In Mexico City, Dan Snow, Anita Rani and Ade Adepitan uncover the hidden systems and armies of people that help run this sprawling megalopolis of over 22 million people.
Browse content similar to Mexico City. Check below for episodes and series from the same categories and more!
More than half of us now live in cities,
and more of us are moving in.
By 2050, two-thirds of the planet will be city dwellers.
There's people going this way, people going that way.
We're exploring four iconic cities in all four corners of the world.
This cycle rickshaw is coming the wrong way towards us.
These are places bursting with life.
Crowded, chaotic and complicated,
they're also under pressure.
All right, mate.
We're going behind the scenes...
..to uncover the hidden systems and armies of people
running some of the greatest cities on Earth.
This time, we're in Mexico City.
A sprawling megalopolis, fuelled by optimism and enterprise.
We're going to show you
how this often makeshift and haphazard city works.
Uncovering the incredible story of how it survives
its many daily battles.
Historian Dan Snow finds out what it's like
to build big in a deadly earthquake zone.
I'm feeling more confident about Mexico City's tallest building.
Even if there's an earthquake, we're going be fine.
You're going to be perfectly safe.
Journalist Ade Adepitan looks for new sources of water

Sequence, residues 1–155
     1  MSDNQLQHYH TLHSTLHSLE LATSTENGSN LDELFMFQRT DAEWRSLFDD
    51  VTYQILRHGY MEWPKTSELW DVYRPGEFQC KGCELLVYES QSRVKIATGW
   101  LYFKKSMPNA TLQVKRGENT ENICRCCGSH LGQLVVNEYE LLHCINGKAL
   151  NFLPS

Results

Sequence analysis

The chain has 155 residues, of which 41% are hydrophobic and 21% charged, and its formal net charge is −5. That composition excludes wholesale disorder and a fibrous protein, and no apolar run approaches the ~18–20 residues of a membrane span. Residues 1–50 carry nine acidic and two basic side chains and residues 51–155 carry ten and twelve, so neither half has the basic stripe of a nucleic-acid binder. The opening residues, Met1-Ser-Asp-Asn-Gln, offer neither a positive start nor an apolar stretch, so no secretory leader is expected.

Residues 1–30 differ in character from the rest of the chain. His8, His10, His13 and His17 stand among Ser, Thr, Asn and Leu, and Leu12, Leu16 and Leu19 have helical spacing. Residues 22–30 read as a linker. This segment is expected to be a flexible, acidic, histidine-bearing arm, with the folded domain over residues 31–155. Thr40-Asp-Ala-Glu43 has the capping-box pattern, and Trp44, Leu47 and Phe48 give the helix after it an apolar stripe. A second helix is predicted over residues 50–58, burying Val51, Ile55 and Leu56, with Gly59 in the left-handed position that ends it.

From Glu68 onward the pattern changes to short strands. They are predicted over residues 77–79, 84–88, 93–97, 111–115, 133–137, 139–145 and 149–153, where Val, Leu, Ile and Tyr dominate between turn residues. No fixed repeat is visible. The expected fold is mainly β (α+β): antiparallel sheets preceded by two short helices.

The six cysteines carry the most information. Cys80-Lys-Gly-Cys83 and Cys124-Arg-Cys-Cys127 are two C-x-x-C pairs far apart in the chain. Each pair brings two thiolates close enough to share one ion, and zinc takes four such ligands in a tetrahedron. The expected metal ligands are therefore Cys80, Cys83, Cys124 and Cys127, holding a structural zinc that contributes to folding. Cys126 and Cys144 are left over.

in one of the world's thirstiest cities.
That looks clean to me.
Yeah, it is.
It's fantastic. I'm so impressed, I am.
And I'm Anita Rani.
I'll be learning how they're trying to stop this massive megacity
from drowning in its own waste.
Oh, it's a sofa!
There's a whole dashboard here.
I mean, it's horrendous,
but a vital part of any city.
Join us for the adventure of a lifetime
in The World's Busiest Cities.
Mexico City -
home to nearly 22 million people.
And where better to start than in its beating heart - the streets?
-Now this is a proper locals' market, isn't it?
So, this is where you're going to get absolutely everything you need.
Oh, my God.
Street food is almost a religion here -
a mix of the cultures that built this city.
Amazing. We are in the home of the chilli.
VOICEOVER: This is one of 1,000 tianguis, or open-air markets,
that have been here since the city began.